Well rickshaws are definitely at the bottom of the road transport pecking order. Imagine… its rush hour, the roads are jam packed with tuc-tucs, cars, buses and lorries, you have no gears, there’s a passenger or two sitting passively in the back…oh and then there is their luggage…. Now this can be a small briefcase or hand bag, or it can be about 200 kilos of reinforced steel cabling (15 foot long), 100 kilos of mangoes, jack fruit or several 20 kilo sacks of rice… the temperature is in the mid thirties Celsius and the humidity is over 70 percent. Everyone else on the road has priority over you, everyone is hooting their horn at you and the pay you receive is not in line with the effort you exert.

    New sludge carts and safety equipment.

    New sludge carts and safety equipment.

    So pit latrine emptying…bicycles, really?  Well yes. In order to empty a pit latrine situated deep in the warren of narrow pathways in a slum, you need something to transport the waste that’s small enough to get between the houses but strong enough to cope with loads up to 200 kilos. Practical Action is working with communities of Bengali and Harijan ‘sweepers’ whose lot in life it is to clean the streets and empty pit latrines. With no safety equipment, just their bare hands and a bucket, these men and women remove foul smelling liquid sludge from these latrines and take it away – to be dumped into a canal or a ditch somewhere in the city. Our Safer Cities appeal last Christmas means that now, with Practical Action’s help, they are receiving training and safety equipment, and new sludge transporting bicycle carts. The next step is to work with the municipalities to help them deal with the sludge safely, and to invest in machinery that can be fitted to bicycle carts so that the sludge can be pumped from the pit without needing someone to climb inside.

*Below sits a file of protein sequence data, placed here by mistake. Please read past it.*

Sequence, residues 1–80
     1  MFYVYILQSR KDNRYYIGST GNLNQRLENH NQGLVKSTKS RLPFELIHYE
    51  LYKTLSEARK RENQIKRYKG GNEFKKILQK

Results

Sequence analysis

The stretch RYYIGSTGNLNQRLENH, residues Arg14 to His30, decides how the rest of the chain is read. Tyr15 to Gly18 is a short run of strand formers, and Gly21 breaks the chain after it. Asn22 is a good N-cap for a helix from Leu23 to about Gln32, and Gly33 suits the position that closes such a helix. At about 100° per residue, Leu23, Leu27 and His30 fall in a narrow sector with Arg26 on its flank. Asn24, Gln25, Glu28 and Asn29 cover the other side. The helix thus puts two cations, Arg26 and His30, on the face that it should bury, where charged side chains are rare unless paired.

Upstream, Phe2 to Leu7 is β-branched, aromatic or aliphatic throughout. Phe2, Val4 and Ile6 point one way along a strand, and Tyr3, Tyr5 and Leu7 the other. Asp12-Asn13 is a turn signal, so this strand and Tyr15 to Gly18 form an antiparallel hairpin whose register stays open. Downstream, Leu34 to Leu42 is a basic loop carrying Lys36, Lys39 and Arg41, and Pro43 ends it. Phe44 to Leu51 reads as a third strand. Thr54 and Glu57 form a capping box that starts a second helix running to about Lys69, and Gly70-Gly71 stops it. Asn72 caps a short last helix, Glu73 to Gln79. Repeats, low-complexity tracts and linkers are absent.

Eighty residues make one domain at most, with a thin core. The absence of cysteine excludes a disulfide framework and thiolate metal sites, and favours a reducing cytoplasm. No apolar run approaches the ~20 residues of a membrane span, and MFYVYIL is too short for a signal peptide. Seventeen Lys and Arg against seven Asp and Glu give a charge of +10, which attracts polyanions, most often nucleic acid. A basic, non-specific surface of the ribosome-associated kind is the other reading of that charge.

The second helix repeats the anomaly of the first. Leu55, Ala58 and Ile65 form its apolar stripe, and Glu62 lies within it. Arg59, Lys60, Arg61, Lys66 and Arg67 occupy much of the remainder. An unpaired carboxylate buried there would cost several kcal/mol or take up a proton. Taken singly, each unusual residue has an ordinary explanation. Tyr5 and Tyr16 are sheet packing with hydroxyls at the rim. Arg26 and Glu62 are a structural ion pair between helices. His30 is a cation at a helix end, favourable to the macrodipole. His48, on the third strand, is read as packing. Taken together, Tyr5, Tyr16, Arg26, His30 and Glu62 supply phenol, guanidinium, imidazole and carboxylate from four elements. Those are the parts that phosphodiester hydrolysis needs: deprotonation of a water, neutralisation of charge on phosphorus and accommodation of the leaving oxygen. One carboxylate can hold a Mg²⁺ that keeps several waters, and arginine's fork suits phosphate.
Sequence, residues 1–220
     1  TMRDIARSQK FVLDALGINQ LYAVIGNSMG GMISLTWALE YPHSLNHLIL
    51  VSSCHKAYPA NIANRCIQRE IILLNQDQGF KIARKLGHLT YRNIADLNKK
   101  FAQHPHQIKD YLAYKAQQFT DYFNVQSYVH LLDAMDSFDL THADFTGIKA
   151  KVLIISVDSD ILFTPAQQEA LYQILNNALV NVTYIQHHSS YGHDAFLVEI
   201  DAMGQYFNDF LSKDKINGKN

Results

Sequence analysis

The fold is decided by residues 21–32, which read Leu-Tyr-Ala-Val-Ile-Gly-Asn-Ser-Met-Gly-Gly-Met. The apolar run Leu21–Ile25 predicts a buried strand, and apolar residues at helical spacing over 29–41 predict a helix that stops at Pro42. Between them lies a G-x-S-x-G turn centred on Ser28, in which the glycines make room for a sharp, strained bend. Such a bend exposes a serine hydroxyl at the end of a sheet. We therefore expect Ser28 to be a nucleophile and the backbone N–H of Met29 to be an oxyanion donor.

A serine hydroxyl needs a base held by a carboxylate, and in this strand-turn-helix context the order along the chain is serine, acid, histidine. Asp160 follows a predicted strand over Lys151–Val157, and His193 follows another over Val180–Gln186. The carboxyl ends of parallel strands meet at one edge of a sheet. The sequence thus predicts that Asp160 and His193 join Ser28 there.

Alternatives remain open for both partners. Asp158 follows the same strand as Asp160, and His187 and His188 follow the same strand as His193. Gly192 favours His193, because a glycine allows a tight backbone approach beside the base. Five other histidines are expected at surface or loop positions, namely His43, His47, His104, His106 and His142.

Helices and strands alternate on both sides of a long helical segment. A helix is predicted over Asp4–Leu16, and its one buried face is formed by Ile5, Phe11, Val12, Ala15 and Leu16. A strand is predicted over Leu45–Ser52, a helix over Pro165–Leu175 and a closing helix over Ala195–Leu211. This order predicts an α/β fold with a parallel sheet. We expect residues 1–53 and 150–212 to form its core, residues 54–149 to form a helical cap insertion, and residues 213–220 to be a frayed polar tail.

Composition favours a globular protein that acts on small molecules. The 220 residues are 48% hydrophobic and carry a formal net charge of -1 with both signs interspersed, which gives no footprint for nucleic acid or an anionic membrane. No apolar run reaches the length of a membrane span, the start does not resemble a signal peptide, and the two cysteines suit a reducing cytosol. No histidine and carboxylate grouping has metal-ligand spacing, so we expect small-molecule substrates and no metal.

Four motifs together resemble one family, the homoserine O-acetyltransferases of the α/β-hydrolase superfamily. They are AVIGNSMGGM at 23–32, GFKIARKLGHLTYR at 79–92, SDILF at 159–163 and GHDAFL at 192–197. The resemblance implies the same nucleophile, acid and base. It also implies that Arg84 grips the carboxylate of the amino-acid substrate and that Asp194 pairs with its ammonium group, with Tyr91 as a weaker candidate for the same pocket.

Bicycle carts play an important role in other ways in this project. Specially adapted carts are used to collect kitchen waste from homes, that is used to create compost for farming, or digested to generate gas for cooking, piped to homes close by.

    In communities where safe drinking water is still a dream, bicycle carts bring clean water to be sold for drinking and cooking. So whether its bringing clean water, removing waste or sludge, the bicycle still has the power to transform poor communities.  Helping poor communities access appropriate technologies is still a key part of our work, and a key part of the puzzle in achieving a state of technology justice – where technology is used to for the benefit of all.

    This pump means that pit emptiers can remove the sludge more safely.

    This pump means that pit emptiers can remove the sludge more safely.

    Bringing safe clean water where there is none...

    Bringing safe clean water where there is none…

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  • Removing iron and arsenic from drinking water for slum communities in Bangladesh

    Satkhira, Bangladesh, Satkhira
    June 11th, 2014

    Satkhira is one of Bangladesh’s oldest municipalities, created in 1869. Bordering the world famous Sunderbans, home to Royal Bengal Tigers and a globally important mangrove ecosystem, it’s a town that tourists pass by, but plays a hugely important role for the people living in the region.